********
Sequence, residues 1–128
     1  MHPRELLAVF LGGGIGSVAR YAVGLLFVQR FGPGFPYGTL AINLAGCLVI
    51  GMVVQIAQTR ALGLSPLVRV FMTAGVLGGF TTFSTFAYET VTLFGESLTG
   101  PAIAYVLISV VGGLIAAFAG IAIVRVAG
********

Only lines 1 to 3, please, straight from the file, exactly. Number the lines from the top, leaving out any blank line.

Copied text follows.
Sequence, residues 1–128
     1  MHPRELLAVF LGGGIGSVAR YAVGLLFVQR FGPGFPYGTL AINLAGCLVI
    51  GMVVQIAQTR ALGLSPLVRV FMTAGVLGGF TTFSTFAYET VTLFGESLTG